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The Nature of Necessity$
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Alvin Plantinga

Print publication date: 1978

Print ISBN-13: 9780198244141

Published to Oxford Scholarship Online: November 2003

DOI: 10.1093/0198244142.001.0001

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Possible But Unactual Objects: On What There Isn't

Possible But Unactual Objects: On What There Isn't

(p.149) VIII Possible But Unactual Objects: On What There Isn't
The Nature of Necessity

Alvin Plantinga (Contributor Webpage)

Oxford University Press

Chapter 7 concluded with the claim that the Classical Argument for possible non‐existent objects depends on both the possibility of singular negative existentials and the Ontological Principle. The Ontological Principle is the principle that any world in which a singular proposition is true is one in which there is such a thing as its subject, or in which its subject has being if not existence. In this chapter, I show that the Ontological Principle is false and that whatever plausibility it enjoys is explained by the truth of a similar principle, namely, the Restricted Ontological Principle (which is the Ontological Principle applied only to predicative singular propositions). Thus, the Classical Argument fails. Moreover, I give an account of how fictional names function in order to show that statements about fictional subjects, for example, ‘Othello is a Moor’, do not express predicative singular propositions.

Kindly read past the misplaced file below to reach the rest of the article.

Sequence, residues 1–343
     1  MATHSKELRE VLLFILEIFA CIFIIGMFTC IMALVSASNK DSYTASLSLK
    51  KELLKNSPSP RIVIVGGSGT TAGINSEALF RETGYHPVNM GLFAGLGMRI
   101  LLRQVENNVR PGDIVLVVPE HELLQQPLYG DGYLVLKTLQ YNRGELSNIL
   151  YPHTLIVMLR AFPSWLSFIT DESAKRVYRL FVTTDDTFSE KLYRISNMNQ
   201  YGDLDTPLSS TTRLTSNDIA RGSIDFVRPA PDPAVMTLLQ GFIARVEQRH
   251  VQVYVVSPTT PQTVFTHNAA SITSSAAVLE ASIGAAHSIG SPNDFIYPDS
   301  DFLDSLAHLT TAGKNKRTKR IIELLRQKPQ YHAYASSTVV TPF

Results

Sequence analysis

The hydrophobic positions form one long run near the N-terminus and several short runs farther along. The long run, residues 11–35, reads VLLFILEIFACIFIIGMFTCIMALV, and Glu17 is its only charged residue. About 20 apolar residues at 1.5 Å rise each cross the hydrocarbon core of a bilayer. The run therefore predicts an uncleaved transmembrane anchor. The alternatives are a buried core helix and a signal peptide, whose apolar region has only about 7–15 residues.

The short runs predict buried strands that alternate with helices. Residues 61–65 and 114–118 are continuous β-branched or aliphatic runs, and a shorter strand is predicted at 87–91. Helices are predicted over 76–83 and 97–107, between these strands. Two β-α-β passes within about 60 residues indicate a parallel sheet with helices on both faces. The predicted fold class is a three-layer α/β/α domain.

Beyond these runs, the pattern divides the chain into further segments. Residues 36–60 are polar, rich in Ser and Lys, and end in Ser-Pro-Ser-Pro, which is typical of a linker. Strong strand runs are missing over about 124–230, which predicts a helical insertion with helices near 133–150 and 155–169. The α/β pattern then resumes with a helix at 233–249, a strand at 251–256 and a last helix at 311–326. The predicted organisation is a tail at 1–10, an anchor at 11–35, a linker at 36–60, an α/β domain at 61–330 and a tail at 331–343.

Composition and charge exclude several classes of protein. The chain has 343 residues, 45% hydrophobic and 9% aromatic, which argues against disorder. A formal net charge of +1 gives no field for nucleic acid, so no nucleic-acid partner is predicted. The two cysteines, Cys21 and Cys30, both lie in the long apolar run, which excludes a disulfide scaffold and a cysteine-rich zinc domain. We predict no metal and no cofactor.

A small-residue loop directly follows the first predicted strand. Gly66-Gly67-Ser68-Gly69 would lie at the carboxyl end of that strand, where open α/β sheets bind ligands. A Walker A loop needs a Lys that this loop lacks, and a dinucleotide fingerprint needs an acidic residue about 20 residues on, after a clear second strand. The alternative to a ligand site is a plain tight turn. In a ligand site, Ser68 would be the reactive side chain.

Keywords:   actual, being, existence, fiction, possible object, predicative singular proposition, proposition, singular existential

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